Today's cuppa: decaf Mystic Monk coffee
Kara Cooney is a striking, six-foot-tall Irish/Italian-American brunette with a
quick wit and an odd fascination with things that would bore the pants off of
many young women.
“I love anything old and dead,” she says. “I have always loved anything old and dead
just had this special quality. I’ve been doing this since 1994, when I started
graduate school, and I have not been disappointed yet.
“It’s an incredibly
powerful culture and an incredibly innovative culture. I’m still waiting to be
disappointed. There are still moments where I go, ‘Oh, my God.’
“I’m not bored.”
Dr. Cooney is an archaeologist based at UCLA, this all worked out in her favor.
Monday, Aug. 24, Cooney begins a quest to make us understand why we should all
be just as jazzed about
as she is, in her new Discovery Channel series “Out of Egypt.“
In each of the six episodes, Cooney begins in
where she asks a question that then takes her on a globe-spanning quest to find
connections among disparate cultures.
“Everything starts in
right?” she says. “You bring up a question. It starts
in Egypt, but the idea was to make as many connections between people,
humanity, as you possibly could, and to show how, once you build up a similar
system — i.e. a complex society based on kingship or the inequality of people
and rich and poor and exploitation and taxation and bureaucracy — once you do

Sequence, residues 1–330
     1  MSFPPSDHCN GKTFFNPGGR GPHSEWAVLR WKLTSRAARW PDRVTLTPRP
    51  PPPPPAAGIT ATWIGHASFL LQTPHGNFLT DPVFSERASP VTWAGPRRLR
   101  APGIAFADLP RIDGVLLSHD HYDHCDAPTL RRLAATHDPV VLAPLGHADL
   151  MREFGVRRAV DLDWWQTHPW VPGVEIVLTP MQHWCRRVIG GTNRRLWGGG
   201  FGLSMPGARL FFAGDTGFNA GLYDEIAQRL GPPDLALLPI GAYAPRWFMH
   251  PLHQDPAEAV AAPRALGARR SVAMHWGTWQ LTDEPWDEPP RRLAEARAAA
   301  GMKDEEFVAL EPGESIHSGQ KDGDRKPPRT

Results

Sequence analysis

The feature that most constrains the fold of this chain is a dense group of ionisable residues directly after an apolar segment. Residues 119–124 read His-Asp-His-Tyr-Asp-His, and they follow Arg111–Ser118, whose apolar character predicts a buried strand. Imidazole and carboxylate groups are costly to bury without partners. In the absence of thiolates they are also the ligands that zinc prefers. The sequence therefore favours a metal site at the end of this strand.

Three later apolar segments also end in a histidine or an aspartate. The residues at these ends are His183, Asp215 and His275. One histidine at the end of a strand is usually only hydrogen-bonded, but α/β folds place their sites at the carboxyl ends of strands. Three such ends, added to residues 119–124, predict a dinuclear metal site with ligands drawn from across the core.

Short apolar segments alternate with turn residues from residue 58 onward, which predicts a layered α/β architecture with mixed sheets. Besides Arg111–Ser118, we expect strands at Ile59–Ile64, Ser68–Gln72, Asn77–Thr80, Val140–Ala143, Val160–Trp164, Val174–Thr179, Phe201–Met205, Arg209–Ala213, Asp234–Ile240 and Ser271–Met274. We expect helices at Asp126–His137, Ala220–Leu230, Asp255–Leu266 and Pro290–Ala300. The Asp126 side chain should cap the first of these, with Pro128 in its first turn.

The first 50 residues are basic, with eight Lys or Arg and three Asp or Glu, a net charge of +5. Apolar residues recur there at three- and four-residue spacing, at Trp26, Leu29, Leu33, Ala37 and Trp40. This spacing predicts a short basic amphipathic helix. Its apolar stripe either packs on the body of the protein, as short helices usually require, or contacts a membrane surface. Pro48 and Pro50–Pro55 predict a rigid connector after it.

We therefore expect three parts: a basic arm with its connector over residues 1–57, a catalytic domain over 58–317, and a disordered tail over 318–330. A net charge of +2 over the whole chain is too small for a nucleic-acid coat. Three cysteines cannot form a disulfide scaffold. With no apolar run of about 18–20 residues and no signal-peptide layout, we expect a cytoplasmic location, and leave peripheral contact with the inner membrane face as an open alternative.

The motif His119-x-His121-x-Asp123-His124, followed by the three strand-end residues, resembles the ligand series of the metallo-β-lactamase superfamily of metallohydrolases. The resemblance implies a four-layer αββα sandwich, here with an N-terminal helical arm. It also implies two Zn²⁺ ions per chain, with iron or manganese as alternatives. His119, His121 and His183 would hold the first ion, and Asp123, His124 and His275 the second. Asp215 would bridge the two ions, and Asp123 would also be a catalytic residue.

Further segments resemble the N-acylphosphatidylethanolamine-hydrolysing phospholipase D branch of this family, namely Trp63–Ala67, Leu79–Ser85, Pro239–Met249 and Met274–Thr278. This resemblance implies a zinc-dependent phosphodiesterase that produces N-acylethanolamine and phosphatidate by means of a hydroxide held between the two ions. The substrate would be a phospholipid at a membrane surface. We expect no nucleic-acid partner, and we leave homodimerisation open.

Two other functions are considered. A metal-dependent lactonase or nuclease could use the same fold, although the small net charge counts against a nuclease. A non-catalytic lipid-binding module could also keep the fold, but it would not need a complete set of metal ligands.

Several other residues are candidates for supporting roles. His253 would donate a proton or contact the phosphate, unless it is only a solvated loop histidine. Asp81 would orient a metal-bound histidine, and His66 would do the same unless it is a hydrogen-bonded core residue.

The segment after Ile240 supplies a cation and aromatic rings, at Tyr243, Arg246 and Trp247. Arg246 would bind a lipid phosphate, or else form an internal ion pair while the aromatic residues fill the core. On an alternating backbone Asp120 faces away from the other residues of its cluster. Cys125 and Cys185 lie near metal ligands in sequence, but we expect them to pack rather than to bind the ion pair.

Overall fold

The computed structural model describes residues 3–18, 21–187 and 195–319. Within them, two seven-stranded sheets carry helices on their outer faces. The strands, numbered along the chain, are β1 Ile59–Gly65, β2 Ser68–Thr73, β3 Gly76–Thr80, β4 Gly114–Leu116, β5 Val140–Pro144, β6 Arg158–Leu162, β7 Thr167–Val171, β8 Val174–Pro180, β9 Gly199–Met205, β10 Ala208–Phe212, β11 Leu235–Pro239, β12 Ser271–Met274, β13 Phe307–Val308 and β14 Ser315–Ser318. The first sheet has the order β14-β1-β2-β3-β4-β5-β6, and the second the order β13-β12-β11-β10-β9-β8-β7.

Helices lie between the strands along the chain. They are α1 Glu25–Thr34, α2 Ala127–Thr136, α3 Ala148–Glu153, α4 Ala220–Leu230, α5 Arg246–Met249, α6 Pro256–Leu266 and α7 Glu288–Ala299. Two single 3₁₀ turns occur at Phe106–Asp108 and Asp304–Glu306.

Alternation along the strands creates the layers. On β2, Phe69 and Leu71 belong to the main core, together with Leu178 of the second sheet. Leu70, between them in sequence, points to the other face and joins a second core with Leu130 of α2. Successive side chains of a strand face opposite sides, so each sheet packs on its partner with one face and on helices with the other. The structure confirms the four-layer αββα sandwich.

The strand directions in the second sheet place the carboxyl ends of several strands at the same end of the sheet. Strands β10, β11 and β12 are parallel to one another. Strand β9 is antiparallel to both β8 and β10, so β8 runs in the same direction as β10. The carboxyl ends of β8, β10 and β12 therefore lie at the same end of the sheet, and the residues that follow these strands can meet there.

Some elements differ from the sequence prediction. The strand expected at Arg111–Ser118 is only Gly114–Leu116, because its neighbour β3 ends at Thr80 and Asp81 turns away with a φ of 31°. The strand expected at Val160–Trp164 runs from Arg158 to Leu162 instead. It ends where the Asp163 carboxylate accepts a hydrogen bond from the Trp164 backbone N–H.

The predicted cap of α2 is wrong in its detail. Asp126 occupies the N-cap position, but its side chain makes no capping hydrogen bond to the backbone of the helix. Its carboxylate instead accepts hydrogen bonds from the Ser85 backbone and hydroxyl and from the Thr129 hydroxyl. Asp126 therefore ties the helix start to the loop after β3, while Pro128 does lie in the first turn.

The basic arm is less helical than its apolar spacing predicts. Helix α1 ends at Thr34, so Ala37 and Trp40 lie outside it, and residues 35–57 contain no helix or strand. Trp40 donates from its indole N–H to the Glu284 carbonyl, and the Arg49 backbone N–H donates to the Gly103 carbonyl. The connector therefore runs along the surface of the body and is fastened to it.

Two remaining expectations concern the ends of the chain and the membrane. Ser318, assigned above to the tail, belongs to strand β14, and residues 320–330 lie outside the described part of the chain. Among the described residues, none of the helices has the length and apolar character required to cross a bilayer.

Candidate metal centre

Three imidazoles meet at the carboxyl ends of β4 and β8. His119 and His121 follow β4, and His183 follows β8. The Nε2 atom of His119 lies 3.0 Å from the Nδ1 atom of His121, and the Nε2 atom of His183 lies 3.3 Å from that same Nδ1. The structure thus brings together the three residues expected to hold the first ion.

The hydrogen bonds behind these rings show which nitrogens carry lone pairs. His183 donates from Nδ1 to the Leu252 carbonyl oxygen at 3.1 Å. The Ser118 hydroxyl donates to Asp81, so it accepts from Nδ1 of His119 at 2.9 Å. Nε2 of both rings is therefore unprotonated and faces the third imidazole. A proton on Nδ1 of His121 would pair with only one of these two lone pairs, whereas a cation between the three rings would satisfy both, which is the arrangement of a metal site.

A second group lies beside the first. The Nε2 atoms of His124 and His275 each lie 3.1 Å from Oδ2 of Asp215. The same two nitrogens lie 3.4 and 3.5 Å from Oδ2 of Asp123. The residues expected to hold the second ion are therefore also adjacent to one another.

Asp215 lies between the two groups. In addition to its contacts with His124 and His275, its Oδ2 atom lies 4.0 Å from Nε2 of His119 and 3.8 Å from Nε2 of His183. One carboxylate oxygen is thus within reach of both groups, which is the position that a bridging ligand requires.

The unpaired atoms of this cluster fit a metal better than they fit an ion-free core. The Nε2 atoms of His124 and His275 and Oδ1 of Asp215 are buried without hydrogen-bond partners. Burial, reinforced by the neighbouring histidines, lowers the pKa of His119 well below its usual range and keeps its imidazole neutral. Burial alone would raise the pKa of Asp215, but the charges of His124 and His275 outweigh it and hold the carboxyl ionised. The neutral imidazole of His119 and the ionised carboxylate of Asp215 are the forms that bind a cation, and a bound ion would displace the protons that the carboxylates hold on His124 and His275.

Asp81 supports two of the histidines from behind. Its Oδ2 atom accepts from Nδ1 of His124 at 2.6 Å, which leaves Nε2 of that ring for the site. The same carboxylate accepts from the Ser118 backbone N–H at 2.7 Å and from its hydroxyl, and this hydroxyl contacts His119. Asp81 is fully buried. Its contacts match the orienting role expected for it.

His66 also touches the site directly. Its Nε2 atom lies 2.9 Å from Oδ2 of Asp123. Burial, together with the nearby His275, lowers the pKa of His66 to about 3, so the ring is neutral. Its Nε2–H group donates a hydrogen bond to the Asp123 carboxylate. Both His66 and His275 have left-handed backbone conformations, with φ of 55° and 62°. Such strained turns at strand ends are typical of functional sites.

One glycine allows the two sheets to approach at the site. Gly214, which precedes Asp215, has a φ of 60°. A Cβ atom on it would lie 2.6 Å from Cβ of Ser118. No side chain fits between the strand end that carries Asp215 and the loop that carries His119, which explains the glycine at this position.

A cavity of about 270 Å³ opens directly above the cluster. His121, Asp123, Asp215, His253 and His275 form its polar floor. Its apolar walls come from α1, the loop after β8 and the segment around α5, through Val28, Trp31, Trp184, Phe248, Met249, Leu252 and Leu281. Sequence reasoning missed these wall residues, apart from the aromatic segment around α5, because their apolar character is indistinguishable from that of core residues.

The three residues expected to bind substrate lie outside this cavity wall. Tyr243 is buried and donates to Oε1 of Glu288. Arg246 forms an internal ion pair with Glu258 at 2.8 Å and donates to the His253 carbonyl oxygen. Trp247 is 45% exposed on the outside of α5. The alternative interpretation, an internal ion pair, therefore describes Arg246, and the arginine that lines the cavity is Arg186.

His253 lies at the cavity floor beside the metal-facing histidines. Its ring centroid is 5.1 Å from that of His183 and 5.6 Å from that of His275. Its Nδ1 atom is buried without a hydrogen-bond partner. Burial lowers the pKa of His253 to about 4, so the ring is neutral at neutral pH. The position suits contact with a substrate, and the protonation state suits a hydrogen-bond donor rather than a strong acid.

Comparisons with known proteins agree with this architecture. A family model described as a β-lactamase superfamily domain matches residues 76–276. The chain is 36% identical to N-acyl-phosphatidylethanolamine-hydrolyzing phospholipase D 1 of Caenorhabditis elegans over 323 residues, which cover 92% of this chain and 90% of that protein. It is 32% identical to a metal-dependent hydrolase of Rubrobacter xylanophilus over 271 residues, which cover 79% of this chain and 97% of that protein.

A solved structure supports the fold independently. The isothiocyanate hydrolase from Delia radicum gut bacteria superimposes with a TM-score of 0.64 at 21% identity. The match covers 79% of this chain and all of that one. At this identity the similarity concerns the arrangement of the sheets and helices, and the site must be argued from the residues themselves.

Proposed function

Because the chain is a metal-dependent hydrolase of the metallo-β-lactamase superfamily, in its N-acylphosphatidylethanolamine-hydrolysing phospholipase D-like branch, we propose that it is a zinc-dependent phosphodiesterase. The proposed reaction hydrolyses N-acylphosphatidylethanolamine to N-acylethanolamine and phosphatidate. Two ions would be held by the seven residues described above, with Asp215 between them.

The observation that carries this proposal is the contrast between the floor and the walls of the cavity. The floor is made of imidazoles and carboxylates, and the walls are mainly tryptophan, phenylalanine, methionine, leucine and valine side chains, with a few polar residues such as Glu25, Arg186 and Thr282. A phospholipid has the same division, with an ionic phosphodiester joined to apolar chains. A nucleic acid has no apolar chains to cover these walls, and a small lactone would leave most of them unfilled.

that, then the solutions people come up with, even though they’re completely
unconnected, are very, very similar.
“So that was super-fun for me, to be able to go into a Hindu
temple and see the connections to Ancient Egyptian polytheism. That was insane. It was
And because she’s out of her comfort zone, Cooney doesn’t just
have to answer questions, she can also ask them.
“The thing is,” she says, “by leaving
I’m able to ask stupid questions that I would not be able to ask in any other
"So, in Egypt, I can be the expert — 'This is this, and that is that, and this is how it works' — but when I go to Sri Lanka, I can say to my expert, 'OK, what the hell is going on here? Will you please explain it to me?'
“And it’s still cool.”
With so many things in modern society
referring back the Classical antiquity of Greece and
Rome — from using names of their gods to using Greek and Latin in such areas
as science and faith — what is it about more ancient, more alien Egypt that
appeals to the modern mind?
that's all influenced by
"This is what I think about
why it is that
sparks something in people right off the bat. OK, take it from the other end.
If you look at something Mayan, and you look at the artwork, you go, 'OK,
where's the jaguar? OK, now, wait…and the king. OK, I see it.'
"It takes a while
to understand what it is, because it's so stylized, it's so schematic.
"Egyptian art is very
intuitive. The iconography and the hieroglyphic-ness of it is so mysterious to
somebody who doesn't understand it, it draws you in and makes you want to know
"It's intuitive in that you
understand the scene right off the bat. Everything's recognizable; everything's
very clear. Yet, all of the little details — 'What's he holding? What's that
here? Why is she wearing that? What does that headdress mean that's different
from all the other headdresses?' Then people want to decode it.
"And it doesn't hurt that a
lot of it's made of gold."
Then there's the whole mummy thing.
"Automatically," Cooney says, "we, as
Americans, inherently value what the Ancient Egyptians valued — power, money.
And we're attracted to the death aspect, because we completely ignore death and
hide it away.
"So, how many times in a
museum do you see the kids smooshing their face up against the glass to look at
the dead body and get as close to it as they possibly could?"